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Tuesday, May 29, 2012

Tracey Spicer: the day she dropped her baby, and why she's a Choice advocate

Long-time Choice advocate and mother of two, journalist Tracey Spicer, has written a personal blog (see below) to mark Choice Baby Safety Week this week.

In a gut-wrenching, could-have-been-me story, Tracey reveals for the first time how her new-born baby fell head-first onto wooden floor boards during a change table mishap. 

As part of her advocacy role, Tracey is calling on parents to be more vigilant when purchasing baby products. According to Tracey, it’s difficult to get genuine, objective and independent advice, and this is why she decided to support Choice Baby Safety Week.  

You can download the comprehensive Choice guide right here (it's worth it; I have downloaded it and so wish this was around when my twins were babies):

Here is Tracey's raw and honest piece for Choice Baby Safety Week:

"It’s the most wonderful time of your life. But it can also be the most fearful.

Caring for a baby is equal parts exhilaration and trepidation. Am I doing the right thing? What if something happens? Where’s the rule book?

I remember – like it was yesterday – bringing home my precious premature firstborn. Taj had spent three weeks in neo-natal intensive care with two serious lung disorders.

I was finally able to take him home on Christmas Eve. We went for a sunset walk with the pram. It was supposed to be a moment of great joy. But I was struck with terror.

Every couple of steps, I stopped to remove the sunshade to make sure he was still breathing. I fiddled with the straps to ensure he wouldn’t become strangled. I loosened then tightened his swaddling so it was just right. In short: I drove my husband mad.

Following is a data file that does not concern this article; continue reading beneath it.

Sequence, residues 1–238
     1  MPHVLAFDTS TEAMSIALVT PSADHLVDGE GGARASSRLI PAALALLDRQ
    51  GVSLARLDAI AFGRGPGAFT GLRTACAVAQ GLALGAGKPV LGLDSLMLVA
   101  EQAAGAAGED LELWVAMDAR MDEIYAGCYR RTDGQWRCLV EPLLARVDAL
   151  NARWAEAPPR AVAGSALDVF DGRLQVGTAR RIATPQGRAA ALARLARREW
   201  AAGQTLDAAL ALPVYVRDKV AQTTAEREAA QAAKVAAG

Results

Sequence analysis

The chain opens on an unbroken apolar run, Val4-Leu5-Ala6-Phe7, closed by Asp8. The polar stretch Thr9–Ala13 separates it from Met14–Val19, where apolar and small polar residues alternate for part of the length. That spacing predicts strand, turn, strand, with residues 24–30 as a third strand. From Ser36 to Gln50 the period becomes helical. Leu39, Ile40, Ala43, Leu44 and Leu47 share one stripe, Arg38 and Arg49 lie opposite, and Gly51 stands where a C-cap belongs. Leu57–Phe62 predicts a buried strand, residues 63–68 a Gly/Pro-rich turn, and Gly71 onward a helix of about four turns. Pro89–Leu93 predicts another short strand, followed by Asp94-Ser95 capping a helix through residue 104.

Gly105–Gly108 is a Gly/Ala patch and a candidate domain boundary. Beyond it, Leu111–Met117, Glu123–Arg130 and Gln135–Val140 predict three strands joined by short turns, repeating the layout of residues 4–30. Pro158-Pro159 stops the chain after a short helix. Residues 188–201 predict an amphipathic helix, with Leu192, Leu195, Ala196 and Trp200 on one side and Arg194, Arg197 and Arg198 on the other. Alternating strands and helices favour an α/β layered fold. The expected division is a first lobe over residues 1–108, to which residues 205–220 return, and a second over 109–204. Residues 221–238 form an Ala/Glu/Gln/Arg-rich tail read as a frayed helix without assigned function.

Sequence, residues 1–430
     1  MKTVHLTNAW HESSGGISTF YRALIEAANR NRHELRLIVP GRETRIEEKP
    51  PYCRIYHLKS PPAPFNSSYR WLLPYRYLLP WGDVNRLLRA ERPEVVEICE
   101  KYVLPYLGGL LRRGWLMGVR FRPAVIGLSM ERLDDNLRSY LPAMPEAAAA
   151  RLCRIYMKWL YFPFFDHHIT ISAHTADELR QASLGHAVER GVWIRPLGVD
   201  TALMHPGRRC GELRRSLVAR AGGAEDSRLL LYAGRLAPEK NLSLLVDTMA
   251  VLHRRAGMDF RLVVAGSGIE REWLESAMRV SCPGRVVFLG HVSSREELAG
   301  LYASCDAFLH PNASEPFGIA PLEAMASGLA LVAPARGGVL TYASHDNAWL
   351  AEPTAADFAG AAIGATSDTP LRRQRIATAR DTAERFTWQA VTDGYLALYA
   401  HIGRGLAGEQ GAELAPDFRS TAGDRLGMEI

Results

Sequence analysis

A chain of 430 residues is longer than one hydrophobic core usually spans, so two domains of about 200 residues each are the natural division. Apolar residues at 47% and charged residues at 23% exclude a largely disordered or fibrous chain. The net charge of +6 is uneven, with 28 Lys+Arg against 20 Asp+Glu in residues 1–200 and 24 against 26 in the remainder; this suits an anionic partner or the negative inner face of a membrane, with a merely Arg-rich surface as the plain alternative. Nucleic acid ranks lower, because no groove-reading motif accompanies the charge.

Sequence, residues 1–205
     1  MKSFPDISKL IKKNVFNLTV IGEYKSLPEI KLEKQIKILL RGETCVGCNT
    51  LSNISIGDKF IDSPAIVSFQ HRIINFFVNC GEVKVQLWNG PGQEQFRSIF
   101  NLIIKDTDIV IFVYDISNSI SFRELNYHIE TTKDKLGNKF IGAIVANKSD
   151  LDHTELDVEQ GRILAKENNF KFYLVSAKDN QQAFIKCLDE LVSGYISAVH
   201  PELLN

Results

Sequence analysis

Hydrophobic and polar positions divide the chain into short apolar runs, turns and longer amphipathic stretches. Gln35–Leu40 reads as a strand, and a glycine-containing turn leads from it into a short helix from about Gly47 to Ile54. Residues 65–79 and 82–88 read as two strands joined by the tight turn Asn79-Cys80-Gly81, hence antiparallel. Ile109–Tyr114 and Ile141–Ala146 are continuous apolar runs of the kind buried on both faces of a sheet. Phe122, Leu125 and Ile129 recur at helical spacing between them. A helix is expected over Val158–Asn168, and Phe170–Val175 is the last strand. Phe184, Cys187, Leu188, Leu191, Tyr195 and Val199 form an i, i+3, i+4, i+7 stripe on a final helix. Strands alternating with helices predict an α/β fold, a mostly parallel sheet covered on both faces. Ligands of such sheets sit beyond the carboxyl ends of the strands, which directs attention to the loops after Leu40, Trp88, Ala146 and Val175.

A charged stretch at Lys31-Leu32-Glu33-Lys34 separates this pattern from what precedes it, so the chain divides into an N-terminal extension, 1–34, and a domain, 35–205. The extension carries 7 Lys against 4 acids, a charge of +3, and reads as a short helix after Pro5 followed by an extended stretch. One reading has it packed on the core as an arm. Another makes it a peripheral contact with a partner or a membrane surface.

But I didn’t have confidence in my ability as a mother – or the products I’d purchased to keep my baby safe. Then came the change table incident.

We had an old, wooden table we’d bought on eBay. But it didn’t have raised sides.

“It’s OK,” I thought. “I’ll always have one hand on the little wriggler. He won’t fall off.”

Now, babies aren’t supposed to roll over until three or four months of age. But one day, when Taj was two-and-a-half-months, I turned around to grab some wipes and “thud”.

He’d fallen headfirst onto the floorboards. I scooped him up and went to call triple-0.

Fortunately, he wasn’t hurt. We were incredibly lucky.

Falling is the most common cause of injury to children under the age of five.

One friend had to take her baby to the emergency department with a hairline fracture to the skull after a similar incident.

Her change table had been handed down through the family. Again, it had no sides or safety straps.

Parents face the same problems with bassinets. They may look lovely, but many pose choking and suffocation hazards.

I’ll never forget seeing another friend’s baby with his face pressed into a gap between the mattress and the side of the bassinet. The mesh had been covered with a blanket to provide comfort – but no ventilation. I quickly moved the blanket away so the sweet little fella could breathe.